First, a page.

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Exchange Bias Material: FeMn

  • Shiming Zhou
  • Li Sun
  • Jun Du
Living reference work entry

Abstract

Since the exchange bias (EB) effect was discovered in the Co/CoO core-shell nanoparticles, it has been extensively studied in various ferromagnet/antiferromagnet material systems, both in experiments and in theory. Among many antiferromagnetic materials, metastable γ-FeMn emerges as the ideal material to reveal the physics mechanism behind the EB. In this chapter, the EB properties of FeMn-based bilayers are introduced by starting with the analysis of the spin configuration and structural and physical properties of bulk γ-FeMn, followed by the discussion of some basic features of the ferromagnetic/FeMn bilayers, such as the exchange field, the coercivity, the rotational hysteresis loss, and the blocking temperature as a function of the FeMn layer thickness, its crystalline microstructure, and temperature. Additionally, the thermal stability and training effect of the EB, the hysteretic effect of the angular dependent EB, and in particular the rotation of the pinning direction will be discussed in detail. The crucial role of the irreversible motion of FeMn spins will be analyzed as well.

Keywords

Training Effect Exchange Bias Hysteretic Behavior Uniaxial Anisotropy Spin Valve 
These keywords were added by machine and not by the authors. This process is experimental and the keywords may be updated as the learning algorithm improves.

List of Abbreviations

ADEB

Angular dependence of exchange bias

ΔθPD

Angular change of pinning direction in the training effect

θH

Angle of the external magnetic field with respect to the initial pinning direction

AFM

Antiferromagnet

tAFM

AFM layer thickness

TB

Blocking temperature

CW

Clockwise

HC

Coercivity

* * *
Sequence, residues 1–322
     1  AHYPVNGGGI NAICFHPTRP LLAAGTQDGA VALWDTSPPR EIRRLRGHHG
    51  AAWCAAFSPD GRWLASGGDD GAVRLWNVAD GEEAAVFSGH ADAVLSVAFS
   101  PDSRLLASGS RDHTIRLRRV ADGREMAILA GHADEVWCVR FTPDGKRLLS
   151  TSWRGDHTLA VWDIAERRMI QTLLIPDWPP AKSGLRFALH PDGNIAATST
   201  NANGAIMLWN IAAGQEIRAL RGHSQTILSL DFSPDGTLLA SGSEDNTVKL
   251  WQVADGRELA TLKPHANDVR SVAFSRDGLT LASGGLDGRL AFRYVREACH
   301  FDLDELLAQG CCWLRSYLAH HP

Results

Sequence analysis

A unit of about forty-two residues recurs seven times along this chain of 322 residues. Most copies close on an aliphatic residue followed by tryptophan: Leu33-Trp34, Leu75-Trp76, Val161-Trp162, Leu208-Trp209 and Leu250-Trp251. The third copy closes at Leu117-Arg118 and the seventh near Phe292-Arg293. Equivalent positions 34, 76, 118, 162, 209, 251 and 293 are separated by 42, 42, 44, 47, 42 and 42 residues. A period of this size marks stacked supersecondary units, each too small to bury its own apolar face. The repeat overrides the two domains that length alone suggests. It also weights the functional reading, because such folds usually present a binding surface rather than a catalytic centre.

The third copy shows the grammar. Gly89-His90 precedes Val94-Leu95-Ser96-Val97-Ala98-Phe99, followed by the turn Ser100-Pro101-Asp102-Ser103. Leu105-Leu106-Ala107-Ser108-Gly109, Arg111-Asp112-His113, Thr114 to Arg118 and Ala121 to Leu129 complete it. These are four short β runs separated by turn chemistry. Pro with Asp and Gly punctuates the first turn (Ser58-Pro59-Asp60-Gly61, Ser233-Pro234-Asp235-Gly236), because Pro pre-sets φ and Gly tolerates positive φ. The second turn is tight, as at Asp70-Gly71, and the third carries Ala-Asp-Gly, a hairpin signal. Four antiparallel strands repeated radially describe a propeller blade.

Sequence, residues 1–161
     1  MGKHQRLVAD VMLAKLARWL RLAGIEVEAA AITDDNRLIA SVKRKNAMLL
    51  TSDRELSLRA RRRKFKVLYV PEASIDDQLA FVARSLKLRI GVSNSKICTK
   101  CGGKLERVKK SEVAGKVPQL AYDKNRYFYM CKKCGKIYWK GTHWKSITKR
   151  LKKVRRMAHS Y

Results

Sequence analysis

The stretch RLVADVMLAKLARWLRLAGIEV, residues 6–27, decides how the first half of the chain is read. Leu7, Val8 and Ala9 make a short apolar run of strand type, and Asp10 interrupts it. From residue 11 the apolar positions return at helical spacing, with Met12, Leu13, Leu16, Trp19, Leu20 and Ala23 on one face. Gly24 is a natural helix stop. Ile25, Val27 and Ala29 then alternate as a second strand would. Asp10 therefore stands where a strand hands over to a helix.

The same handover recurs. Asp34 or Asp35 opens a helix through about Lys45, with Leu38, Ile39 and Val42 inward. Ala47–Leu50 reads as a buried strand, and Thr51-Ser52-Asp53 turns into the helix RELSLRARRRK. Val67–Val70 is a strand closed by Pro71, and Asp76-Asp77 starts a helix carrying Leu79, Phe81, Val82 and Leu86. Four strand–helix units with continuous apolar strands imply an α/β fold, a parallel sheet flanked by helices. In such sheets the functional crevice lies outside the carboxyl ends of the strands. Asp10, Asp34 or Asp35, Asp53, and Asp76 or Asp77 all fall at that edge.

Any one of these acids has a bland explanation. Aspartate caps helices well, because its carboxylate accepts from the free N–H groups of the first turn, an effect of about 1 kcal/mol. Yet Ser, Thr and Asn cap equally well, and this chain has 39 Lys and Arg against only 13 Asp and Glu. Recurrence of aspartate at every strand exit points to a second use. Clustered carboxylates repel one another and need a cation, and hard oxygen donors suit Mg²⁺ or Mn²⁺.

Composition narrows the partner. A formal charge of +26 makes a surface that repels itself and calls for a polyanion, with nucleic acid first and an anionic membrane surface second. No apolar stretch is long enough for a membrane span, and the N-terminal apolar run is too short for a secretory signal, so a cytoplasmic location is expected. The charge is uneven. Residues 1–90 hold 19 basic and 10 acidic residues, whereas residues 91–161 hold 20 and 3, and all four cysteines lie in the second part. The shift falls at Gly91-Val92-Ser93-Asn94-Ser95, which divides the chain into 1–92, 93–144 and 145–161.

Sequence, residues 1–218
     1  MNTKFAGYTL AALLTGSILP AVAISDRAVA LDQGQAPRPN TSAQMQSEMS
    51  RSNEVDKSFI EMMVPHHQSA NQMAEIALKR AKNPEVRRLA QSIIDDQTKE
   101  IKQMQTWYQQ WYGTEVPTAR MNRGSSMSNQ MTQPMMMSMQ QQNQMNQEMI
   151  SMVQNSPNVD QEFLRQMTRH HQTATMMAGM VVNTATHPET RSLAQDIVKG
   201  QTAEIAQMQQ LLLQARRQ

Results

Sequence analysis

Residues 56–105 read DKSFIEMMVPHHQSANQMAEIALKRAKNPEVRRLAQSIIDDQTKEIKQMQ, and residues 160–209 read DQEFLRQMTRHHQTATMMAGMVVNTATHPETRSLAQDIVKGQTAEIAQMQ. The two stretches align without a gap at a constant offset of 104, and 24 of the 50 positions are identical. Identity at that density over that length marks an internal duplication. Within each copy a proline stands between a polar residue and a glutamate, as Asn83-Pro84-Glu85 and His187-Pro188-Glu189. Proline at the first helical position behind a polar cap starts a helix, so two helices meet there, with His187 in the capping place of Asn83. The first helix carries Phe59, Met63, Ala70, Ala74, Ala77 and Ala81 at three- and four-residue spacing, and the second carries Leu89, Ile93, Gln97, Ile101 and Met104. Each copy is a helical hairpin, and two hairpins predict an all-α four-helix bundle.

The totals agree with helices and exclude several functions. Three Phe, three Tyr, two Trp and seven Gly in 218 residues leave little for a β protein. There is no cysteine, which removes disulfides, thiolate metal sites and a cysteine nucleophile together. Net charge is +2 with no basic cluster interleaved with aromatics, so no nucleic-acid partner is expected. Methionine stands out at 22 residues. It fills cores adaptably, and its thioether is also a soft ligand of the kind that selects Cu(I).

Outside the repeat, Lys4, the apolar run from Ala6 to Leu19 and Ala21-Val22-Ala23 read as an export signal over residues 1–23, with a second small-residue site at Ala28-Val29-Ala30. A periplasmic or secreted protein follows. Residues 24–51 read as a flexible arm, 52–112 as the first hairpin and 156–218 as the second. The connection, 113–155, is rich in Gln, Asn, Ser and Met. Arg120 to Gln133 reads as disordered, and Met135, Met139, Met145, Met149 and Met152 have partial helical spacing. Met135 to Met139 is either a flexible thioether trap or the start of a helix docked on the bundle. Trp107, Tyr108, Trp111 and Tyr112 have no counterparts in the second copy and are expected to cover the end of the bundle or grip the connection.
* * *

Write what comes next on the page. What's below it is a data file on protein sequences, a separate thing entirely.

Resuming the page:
CCW

Counterclockwise

tCr

Critical thickness of antiferromagnetic layer of the exchange bias onset

TC

Curie temperature

n

Cycle number of hysteresis loops in the training effect

EB

Exchange bias

HE

Exchange bias field

Δσ

Exchange coupling energy

H

External magnetic field

FM

Ferromagnet

tFM

Ferromagnetic layer thickness

MFM

Ferromagnetic magnetization

GMR

Giant magnetoresistance

my

Magnetic moment of ferromagnetic layer perpendicular to the external magnetic field

mx

Magnetic moment of ferromagnetic layer parallel to the external magnetic field

MRAM

Magnetoresistive random access memory

T

Measurement temperature

TN

Néel temperature

mAFM

Net magnetic moment of the antiferromagnetic layer

θPD

Orientation of pinning direction

PD

Pinning direction

WR

Rotational hysteresis loss

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Further Reading

  1. Berkowitz AE, Takano K (1999) Exchange anisotropy-a review. J Magn Magn Mater 200:552–570ADSGoogle Scholar
  2. Stamps RL (2000) Mechanisms for exchange bias. J Phys D Appl Phys 33(23):R247–R268ADSGoogle Scholar
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  5. Radu F, Zabel H (2008) Exchange bias effect of ferro-/antiferromagnetic heterostructures. Springer Tracts Modern Physics 227:97–184ADSGoogle Scholar
  6. Iglesias O, Labarta A, Batlle X (2008) Exchange bias phenomenology and models of core/shell nanoparticles. J Nanosci Nanotechnol 8(6):2761–2780Google Scholar
  7. O’Grady K, Fernandez-Outon LE, Vallejo-Fernandez G (2010) A new paradigm for exchange bias in polycrystalline thin films. J Magn Magn Mater 322:883–899ADSGoogle Scholar
  8. Giri S, Patra M, Majumdar S (2011) Exchange bias effect in alloys and compounds. J Phys Condens Matter 23(7):073201ADSGoogle Scholar
  9. Finazzi M, Duò L, Ciccacci F (2009) Magnetic properties of interfaces and multilayers based on thin antiferromagnetic oxide films. Surf Sci Rep 64(4):139–167ADSGoogle Scholar
  10. Binek C (2009) Tunable exchange bias effects. In: Liu JP, Fullerton E, Gutfleisch O, Sellmyer DJ (eds) Nanoscale magnetic materials and applications. Springer, BostonGoogle Scholar

Copyright information

© Springer Science+Business Media Dordrecht 2015

Authors and Affiliations

  1. 1.School of Physics Science and EngineeringTongji UniversityShanghaiChina
  2. 2.Department of Mechanical Engineering and Texas Center for Superconductivity (TcSUH)University of HoustonHoustonUSA
  3. 3.National Laboratory of Solid State MicrostructuresNanjing UniversityNanjingChina

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